Well, no more dizziness, my head was clear, and I wasn’t so effing tired all the time. What bread I ate was multigrain, pretty hardy stuff. I ate veggies, meats, and a little bit of brown rice. It wasn’t a subtle difference. Of course, it was hardly a rigorous trial either. Think I’ll do two weeks on his diet and then go back to my regular fare and see if I notice a difference. His ideas make sense to me, but there are other sensible diets out there too. Because it is impossible to sort out the signal from the noise in the nutrition world, I am going to go with what makes me feel healthier and follow that up with checkups. What else can you do?

I remember writing in grad school about how certain macroeconomic theories seem to work for a while and then they fall apart. It seems completely reasonable to me that economies can change and need different solutions at different times. I am open to the possibility that different people have different genes, different hormone levels, and different metabolisms and so need different diets. Is it possible that lots of those diets are good ones, for the right people? I dunno, but if I can keep feeling like this last week, I’ll be happy changing my diet a bit.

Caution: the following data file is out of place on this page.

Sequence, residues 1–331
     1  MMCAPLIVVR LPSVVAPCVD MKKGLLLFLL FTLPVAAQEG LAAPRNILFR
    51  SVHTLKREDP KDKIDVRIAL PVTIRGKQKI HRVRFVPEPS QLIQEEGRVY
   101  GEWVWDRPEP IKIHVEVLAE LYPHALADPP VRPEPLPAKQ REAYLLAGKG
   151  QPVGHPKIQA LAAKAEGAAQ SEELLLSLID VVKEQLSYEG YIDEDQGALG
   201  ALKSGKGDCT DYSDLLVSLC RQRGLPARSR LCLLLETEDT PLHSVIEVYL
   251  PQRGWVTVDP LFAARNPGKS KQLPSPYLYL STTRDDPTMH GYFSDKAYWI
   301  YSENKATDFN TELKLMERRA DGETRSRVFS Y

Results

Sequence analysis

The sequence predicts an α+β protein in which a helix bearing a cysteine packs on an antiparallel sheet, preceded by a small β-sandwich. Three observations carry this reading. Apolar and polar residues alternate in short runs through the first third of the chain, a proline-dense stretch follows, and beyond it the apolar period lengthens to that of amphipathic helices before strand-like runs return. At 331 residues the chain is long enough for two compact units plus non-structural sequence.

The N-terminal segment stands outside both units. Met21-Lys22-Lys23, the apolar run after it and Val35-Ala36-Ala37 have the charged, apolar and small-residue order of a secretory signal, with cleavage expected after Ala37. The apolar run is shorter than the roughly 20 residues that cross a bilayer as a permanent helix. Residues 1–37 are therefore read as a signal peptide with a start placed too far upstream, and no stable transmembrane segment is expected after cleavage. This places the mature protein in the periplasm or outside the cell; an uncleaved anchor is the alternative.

science technology

I love my computer! And a worth computing cause

Wait, have I already said that? My latest test, I had Safari open with 4 tabs, itunes, squeezebox server, my blogging program, folding at home, I am encoding video using handbrake, and I put my live TV on full screen. No problem. Then I streamed a video to my iPad from my computer while all that was going on. Once again, no biggie, everything worked fine.

Handbreak and folding at home will use all available cores left to their own devices. What are they? Handbrake is a popular program for converting video files from one format to another. Video encoding is a special situation prosessor-wise, it is relatively easy to distribute the workload across all available cores and processors, so that’s what handbrake does. It takes all available clock cycles and puts them to work. Folding at Home is a really cool program. Stanford studies misfolded proteins and how they can cause things like mad cow disease, ALS, and even some cancers. Trouble is, the calculations involved are really really awful, and they have a seemingly never ending list of them to do. Getting time on computing clusters (modern day super computers) is expensive, so they farm out the calculations. Each person that signs up gets a part of a calculation to do. This type of program essentially gives Stanford free access to a rather large cluster of computers. The program churns away in the background on your computer, sends the results in when it’s done, and then fetches a new problem. It’s for a good cause, and I’ve got a shiny new computer with power to spare.